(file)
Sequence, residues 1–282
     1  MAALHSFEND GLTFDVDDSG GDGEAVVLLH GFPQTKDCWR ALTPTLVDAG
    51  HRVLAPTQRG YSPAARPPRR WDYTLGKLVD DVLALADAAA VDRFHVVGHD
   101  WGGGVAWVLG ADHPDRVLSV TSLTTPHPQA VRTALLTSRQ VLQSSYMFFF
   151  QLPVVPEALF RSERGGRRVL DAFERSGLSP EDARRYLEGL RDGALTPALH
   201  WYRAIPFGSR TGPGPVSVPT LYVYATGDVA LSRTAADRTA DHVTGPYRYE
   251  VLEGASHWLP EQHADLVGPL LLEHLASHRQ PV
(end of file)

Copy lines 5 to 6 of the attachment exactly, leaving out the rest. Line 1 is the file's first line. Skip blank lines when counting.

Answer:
   151  QLPVVPEALF RSERGGRRVL DAFERSGLSP EDARRYLEGL RDGALTPALH
   201  WYRAIPFGSR TGPGPVSVPT LYVYATGDVA LSRTAADRTA DHVTGPYRYE